I wonder if I'm alone with my 'mask' issues. If you struggle with masks too, know that I'm praying for you. I pray everyone can throw off their masks and we can all embrace each other in our differences. Jesus has big plans for each of us, and all He wants us to do is please Him, trust Him, and allow Him to mold and shape us to His image.

Wednesday, May 23, 2012

Gawking or Giving

Yesterday I stumbled upon this article by CNN about so called 'Poverty tours' in slum communities of India. I spent two months volunteering in Mumbai, India back in 2007, so I found the article fascinating. You can read the article for details, but the author essentially was describing and evaluating these tours and reflecting on the tour he went on with Salaam Baalak in New Dehli, India. The tour was led by a former 'street boy' who had been helped by the non profit organization and now led tours through his old community.
The idea of a 'Poverty Tour' makes me uncomfortable. I work hard to advocate for the exploited and adhere to the belief that we are all equal, no one is better than anyone else. I have spent years writing, reflecting, praying and working to overcome my own prejudices. Our country is wonderful, but we have instilled the concept in our citizens that we are somehow better than everyone else in the world. Even on a micro level, more powerful races and groups act as if they are more valuable as people than groups with less power. Its a sad part of the human condition. So at first glance, poverty tours seem to perpetuate that belief. It reduces whole groups of people to zoo animals. Wealthy Westerners with resources and time spend a day walking through deplorable conditions, wearing their shiny tennis shoes and designer sunglasses. The full attire of some of the participants of such poverty tours probably costs more than what many of the people in the slums make in one years time. It seems tacky and extremely disconcerting for the families who live in these communities. They already live in fear of exploitation due to the caste system and other social ills of their country, so to also deal with gawking from perfect strangers seems to rub salt on an open wound of low self worth.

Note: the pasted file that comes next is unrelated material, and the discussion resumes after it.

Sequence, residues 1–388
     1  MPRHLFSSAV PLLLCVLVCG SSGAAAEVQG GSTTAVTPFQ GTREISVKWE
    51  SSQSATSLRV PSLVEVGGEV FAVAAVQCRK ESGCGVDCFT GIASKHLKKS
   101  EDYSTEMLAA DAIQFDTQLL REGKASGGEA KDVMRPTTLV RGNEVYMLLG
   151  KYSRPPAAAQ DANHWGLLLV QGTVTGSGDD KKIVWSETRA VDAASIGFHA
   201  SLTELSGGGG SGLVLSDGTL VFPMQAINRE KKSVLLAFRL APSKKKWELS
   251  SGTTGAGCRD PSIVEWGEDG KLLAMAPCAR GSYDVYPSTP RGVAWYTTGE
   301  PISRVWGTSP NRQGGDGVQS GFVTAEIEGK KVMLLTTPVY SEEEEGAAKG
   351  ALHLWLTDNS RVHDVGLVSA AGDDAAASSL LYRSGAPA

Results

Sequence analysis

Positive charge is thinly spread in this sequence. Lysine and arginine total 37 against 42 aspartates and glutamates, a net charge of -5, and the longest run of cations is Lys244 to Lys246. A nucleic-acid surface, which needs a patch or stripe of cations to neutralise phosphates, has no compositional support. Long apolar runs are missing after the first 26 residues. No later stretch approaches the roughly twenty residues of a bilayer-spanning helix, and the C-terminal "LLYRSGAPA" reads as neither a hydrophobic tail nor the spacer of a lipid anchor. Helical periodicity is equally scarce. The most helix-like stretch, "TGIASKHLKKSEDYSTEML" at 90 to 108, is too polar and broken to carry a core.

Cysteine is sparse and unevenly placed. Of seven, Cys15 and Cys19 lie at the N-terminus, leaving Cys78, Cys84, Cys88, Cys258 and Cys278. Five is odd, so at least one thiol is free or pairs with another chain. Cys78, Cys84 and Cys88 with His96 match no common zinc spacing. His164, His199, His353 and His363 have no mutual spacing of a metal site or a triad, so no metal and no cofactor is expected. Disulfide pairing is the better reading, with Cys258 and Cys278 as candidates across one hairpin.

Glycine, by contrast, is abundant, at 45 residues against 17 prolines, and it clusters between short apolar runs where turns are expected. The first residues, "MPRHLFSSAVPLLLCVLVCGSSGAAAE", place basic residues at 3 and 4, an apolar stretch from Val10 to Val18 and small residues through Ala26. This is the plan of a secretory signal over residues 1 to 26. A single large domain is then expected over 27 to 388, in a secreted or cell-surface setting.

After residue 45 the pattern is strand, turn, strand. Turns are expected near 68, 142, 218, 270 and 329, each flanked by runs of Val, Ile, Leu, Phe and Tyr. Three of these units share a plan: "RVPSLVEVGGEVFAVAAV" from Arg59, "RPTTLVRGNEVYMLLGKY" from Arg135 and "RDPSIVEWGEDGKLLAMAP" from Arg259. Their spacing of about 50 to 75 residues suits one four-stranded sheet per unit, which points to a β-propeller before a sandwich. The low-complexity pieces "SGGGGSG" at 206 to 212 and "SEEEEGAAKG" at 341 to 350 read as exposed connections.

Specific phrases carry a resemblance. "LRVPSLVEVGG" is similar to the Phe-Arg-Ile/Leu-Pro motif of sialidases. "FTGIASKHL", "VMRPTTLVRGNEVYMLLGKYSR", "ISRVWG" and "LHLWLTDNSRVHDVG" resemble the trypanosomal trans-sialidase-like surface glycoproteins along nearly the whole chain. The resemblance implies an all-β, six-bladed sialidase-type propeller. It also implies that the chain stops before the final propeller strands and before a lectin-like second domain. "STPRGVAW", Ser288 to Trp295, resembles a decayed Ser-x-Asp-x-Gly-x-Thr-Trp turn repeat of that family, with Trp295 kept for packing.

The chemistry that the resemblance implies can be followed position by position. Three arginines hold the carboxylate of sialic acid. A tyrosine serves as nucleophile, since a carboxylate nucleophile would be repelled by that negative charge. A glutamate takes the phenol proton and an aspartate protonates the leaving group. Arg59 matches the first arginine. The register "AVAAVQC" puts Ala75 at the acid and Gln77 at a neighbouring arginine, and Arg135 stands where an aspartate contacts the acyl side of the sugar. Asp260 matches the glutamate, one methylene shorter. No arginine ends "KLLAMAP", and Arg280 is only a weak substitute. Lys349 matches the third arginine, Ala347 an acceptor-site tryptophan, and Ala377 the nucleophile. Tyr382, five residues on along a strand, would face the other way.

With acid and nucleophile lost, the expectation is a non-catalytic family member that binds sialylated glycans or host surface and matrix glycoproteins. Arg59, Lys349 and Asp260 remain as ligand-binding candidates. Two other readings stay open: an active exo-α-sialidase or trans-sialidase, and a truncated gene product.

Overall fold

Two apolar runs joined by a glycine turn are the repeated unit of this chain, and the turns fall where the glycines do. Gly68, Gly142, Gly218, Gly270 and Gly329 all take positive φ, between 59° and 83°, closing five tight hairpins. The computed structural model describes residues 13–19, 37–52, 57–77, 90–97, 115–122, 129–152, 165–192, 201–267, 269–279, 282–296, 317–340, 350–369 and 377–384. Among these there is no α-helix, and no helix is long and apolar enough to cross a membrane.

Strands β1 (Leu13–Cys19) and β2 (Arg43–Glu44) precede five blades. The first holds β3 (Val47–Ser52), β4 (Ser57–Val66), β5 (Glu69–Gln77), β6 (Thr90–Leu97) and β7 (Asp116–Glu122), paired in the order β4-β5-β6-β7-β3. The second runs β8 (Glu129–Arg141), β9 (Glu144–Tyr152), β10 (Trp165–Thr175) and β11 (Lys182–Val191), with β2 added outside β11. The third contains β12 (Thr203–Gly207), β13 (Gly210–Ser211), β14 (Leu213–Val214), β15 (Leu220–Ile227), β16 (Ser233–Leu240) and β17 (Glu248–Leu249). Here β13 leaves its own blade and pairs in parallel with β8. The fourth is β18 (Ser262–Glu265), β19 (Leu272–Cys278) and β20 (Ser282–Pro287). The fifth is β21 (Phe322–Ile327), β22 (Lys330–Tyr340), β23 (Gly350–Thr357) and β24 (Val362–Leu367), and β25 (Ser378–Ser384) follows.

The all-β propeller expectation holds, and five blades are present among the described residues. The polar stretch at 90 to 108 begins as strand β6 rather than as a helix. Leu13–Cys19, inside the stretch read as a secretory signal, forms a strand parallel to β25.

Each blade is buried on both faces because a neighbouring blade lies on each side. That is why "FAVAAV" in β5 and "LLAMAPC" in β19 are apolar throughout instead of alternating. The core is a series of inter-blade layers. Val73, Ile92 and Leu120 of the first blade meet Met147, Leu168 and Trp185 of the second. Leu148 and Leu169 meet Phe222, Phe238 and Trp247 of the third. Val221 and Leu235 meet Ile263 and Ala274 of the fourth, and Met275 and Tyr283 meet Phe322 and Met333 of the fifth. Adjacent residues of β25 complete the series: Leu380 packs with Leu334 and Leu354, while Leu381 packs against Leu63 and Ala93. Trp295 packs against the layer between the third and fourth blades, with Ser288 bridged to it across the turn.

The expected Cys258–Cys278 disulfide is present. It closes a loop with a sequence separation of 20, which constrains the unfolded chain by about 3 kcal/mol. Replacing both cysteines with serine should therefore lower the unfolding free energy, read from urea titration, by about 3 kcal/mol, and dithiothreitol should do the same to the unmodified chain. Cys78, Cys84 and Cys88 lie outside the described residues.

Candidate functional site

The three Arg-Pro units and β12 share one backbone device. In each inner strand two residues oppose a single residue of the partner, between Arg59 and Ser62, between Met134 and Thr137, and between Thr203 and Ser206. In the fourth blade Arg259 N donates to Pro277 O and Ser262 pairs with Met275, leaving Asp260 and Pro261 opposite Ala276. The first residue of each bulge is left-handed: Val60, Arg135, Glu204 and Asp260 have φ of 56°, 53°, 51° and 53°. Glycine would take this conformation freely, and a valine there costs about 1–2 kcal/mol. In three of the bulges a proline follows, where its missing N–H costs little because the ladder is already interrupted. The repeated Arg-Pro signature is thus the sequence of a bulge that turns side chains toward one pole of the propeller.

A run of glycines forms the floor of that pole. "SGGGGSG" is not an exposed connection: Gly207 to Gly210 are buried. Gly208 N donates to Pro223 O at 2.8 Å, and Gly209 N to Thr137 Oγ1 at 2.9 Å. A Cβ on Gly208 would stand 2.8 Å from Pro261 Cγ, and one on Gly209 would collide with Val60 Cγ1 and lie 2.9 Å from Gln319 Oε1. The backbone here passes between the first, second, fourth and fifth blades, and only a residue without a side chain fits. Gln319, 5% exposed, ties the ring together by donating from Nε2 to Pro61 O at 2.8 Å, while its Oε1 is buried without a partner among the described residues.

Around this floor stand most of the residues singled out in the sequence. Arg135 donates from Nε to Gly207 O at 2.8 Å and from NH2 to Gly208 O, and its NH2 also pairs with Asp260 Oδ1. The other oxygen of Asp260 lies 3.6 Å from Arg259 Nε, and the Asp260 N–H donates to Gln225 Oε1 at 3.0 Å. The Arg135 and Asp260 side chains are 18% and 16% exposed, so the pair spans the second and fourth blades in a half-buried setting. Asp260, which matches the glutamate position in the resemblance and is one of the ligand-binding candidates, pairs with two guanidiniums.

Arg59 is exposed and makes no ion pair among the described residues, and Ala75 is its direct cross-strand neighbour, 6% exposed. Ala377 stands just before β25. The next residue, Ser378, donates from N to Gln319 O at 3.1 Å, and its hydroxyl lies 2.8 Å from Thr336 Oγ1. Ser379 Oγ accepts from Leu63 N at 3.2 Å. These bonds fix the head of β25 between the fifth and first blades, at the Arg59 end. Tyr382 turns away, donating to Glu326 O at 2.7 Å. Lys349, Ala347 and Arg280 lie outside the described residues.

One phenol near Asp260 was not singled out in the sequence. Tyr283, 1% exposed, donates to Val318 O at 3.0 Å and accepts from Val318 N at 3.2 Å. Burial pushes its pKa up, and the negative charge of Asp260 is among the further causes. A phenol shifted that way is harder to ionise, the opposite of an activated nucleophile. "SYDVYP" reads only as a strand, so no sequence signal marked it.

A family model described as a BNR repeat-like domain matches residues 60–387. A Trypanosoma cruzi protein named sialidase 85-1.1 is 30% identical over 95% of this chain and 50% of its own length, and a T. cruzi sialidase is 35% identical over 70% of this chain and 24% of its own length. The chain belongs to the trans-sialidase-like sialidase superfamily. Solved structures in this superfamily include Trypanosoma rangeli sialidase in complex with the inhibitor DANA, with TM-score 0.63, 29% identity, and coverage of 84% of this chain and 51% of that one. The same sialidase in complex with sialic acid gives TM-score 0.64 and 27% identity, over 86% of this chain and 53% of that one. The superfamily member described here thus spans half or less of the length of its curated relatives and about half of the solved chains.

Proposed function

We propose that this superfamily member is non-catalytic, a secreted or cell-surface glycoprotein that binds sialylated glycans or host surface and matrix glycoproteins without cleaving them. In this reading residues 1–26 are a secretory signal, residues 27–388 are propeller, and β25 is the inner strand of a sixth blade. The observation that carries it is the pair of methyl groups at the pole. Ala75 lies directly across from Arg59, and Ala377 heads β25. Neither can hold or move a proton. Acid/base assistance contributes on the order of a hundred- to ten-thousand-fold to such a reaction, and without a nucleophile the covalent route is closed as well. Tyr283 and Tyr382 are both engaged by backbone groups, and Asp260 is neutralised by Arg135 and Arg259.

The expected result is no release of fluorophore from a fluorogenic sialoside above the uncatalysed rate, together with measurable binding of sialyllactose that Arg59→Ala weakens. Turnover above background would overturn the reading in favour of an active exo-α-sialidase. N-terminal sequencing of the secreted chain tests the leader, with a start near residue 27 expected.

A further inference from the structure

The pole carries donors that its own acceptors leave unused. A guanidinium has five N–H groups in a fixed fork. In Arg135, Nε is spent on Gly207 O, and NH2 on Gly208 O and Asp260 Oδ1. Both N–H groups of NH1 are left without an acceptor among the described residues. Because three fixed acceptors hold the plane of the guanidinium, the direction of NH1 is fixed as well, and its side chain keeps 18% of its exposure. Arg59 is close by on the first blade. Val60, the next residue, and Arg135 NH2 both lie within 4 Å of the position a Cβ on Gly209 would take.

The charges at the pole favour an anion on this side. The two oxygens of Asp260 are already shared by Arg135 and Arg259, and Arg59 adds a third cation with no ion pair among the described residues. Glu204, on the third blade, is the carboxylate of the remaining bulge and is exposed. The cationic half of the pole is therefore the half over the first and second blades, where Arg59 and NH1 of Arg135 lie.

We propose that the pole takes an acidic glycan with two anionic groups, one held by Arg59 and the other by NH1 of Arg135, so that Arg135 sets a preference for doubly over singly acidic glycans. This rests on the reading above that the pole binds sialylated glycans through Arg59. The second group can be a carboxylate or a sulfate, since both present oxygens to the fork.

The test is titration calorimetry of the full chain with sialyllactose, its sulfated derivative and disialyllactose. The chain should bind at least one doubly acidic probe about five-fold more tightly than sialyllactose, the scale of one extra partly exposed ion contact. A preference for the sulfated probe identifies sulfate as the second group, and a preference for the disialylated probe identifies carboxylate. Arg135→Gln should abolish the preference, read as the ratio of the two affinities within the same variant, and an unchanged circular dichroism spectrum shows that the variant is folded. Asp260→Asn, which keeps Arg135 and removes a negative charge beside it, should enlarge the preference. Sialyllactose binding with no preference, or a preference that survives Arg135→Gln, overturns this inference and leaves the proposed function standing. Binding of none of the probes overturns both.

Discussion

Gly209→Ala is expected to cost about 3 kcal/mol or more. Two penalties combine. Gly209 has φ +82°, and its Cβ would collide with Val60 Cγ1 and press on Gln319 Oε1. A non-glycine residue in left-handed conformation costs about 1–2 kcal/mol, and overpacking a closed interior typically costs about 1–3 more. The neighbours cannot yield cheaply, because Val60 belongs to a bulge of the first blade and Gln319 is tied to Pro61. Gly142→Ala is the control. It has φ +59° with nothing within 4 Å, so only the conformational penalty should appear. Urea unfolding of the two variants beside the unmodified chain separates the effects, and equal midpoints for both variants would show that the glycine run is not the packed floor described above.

Many of these 'slum tours' likely have nothing but financial motivation from conducting these tours. They pay no respect towards the residents of these communities. However, what this Salaam Baalak organization is striving to do seems quite noble. They provide income and rehabilitation for children who were previously living on the streets. Street kids in India are subject to great exploitation, from labor trafficking to prostitution. Life for these children is extremely dangerous, and this organization is attempting an innovative approach to providing income for these kids. Their website describes the tour as a way for you and I to hear about the stories of the guides and to experience life through their eyes. It seems like something that I would enjoy, to be quite honest. I have met and grown to love street kids in several countries and have advocated on their behalf. But no story I could tell you would compare to hearing it straight from that child. Empathy is frequently evokes through the senses, not just through a story told by a third party.